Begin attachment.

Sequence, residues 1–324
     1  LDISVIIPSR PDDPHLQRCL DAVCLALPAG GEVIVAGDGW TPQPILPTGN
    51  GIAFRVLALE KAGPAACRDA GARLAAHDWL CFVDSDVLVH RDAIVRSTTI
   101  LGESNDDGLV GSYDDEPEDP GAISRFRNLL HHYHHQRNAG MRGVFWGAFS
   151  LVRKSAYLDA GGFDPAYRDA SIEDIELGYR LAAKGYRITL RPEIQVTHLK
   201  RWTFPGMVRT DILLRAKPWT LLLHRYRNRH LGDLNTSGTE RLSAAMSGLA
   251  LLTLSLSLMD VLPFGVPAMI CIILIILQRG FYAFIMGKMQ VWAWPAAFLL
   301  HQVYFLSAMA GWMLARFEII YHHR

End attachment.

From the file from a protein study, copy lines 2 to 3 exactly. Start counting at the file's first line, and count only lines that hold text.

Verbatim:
     1  LDISVIIPSR PDDPHLQRCL DAVCLALPAG GEVIVAGDGW TPQPILPTGN
    51  GIAFRVLALE KAGPAACRDA GARLAAHDWL CFVDSDVLVH RDAIVRSTTI